The Desman of the Pyrenees


Galemys pyrenaicus

This small mammal is the largest aquatic insectivore in France. It measures between 24 and 29 cm in length (of which a bit more than half is tail) and weighs between 50 and 80 g. It's also called the "trumpet rat" because of its long, flat, fexible snout, about 20 mm long, endowed with sensors. It inhabits streams, rivers and lakes in the Pyrenees and the Cantabrian mountains in Spain, at altitudes between 400 and 2,500 m.

Pyrenees desmanThere are few creatures more discreet than the Desman of the Pyrenees (so shy that it was only discovered in 1811). Very few people have had the chance to observe it. It could be living a few metres from your house, or hiding right at your feet as you cool them in a stream and you wouldn't see it.

One's first impression is that the desman is more aquatic than terrestrial. As soon as it awakes, or comes out of its shelter, it dives into the water and doesn't come back onto dry land except to eat the biggest bits of food, groom its fur or go back to sleep. It hunts for food at the bottom of streams: small crustaceans and aquatic insect larva. The second impression, related to the first, is the difference in silhouette in the two environments. In the water, its front feet fold against its breast so it resembles a rocket, slender and agile. On dry land, the desman looks like a ball of fur, with only its surprising trunk sticking out, as well as its tail which unfortunately gives it a rat-like appearance, and it has an odd rolling gait because it walks on the tips of its 20 powerful claws.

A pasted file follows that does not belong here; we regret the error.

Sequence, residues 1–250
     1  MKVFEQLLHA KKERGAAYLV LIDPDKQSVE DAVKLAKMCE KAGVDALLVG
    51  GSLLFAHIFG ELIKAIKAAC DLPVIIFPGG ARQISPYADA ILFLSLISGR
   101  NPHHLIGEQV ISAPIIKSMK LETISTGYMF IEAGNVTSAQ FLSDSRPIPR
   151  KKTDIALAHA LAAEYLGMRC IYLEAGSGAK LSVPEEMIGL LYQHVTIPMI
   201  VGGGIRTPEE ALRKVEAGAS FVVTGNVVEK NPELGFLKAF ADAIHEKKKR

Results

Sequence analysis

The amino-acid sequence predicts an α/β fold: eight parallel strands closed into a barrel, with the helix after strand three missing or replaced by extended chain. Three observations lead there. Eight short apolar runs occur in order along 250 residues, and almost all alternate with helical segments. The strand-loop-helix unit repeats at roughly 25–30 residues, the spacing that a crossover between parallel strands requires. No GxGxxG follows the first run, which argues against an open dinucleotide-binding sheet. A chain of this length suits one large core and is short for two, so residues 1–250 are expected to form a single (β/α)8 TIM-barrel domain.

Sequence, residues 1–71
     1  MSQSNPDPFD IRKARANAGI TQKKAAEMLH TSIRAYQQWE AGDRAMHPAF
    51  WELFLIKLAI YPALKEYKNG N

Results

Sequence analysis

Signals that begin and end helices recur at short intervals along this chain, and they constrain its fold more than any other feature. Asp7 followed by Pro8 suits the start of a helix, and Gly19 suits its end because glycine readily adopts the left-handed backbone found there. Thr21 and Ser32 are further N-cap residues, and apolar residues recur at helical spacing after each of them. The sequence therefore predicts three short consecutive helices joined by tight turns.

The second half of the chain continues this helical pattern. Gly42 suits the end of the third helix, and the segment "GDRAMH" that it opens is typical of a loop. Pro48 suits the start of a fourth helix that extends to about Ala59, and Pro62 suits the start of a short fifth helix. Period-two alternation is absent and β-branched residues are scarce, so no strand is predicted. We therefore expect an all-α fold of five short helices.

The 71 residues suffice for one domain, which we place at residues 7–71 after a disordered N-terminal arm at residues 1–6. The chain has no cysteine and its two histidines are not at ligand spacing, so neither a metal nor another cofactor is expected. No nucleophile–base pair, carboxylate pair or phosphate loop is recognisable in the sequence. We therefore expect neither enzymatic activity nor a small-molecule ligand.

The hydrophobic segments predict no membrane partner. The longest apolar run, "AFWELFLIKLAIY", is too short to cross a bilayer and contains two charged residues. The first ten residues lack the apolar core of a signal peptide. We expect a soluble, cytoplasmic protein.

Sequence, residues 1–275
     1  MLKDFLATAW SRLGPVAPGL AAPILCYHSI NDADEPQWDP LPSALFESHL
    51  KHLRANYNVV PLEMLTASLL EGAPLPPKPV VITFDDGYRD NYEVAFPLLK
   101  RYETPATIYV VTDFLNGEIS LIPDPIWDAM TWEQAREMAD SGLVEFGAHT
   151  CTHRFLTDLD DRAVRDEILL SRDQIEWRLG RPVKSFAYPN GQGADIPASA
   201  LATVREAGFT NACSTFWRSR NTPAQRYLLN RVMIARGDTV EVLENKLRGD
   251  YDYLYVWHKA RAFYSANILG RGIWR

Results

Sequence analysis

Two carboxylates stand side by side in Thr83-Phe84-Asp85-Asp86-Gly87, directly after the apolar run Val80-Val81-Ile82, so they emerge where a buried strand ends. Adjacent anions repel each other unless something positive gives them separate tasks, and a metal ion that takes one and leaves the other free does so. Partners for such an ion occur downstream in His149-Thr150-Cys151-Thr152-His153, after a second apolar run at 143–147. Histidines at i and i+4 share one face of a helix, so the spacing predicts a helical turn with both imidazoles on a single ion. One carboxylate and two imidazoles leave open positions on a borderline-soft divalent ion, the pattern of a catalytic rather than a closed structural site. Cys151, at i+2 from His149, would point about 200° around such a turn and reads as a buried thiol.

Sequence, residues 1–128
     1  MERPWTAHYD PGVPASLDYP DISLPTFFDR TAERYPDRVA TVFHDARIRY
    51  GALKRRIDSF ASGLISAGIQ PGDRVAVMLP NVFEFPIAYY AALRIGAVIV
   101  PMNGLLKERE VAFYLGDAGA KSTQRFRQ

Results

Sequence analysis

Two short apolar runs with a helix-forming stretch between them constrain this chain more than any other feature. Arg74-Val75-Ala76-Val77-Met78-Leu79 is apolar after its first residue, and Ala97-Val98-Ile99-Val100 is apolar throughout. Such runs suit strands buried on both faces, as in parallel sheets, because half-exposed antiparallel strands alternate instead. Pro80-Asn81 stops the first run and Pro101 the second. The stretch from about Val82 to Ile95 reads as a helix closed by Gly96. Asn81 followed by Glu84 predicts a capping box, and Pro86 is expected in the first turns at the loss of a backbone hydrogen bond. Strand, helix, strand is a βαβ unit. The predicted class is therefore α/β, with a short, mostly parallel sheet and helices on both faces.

The desman is a voracious little eater, consuming nearly the equivalent of its own weight (in captivity and in winter).

Our insectivore's activity is feverish, even frenetic. If he isn't sleeping, he ceaselessly roams his domain, energetically swimming, climbing, running, eating and grooming. No wonder he has such a huge appetite, or that he will literally drop asleep for a little nap right in the middle of his activities.

desman of the pyreneesReal sleep interrupts the desman's activities in fairly regular periods of about 3 hours, day or night, even though the animal is primarily nocturnal.

When you observe a desman in captivity, you easily discern the importance of its trunk, which is constantly exploring the surroundings. He uses it for everything : to dig, burrow, drink, touch, capture... but especially to manipulate. Only an elephant is capable of such dexterity -- but on a much bigger scale!

For more detailed information on the desman (in French) see :

Text excerpted from "Le Desman des Pyrénées" Nathan 1986 by Mr Bernard Richard (Researcher for the CNRS at the Laboratoire du Milieu Souterrain de Moulis en Ariège). Translation : K. Chevalier

Photos of the desman of the Pyrenees by Pierre Cadiran

Many thanks to these photographers

About us

From 2000 to the end of 2017 was a site devoted to tourism in the department of Ariège. The site is minimally maintained now but you can get a flavour of this beautiful area of the Pyrenees.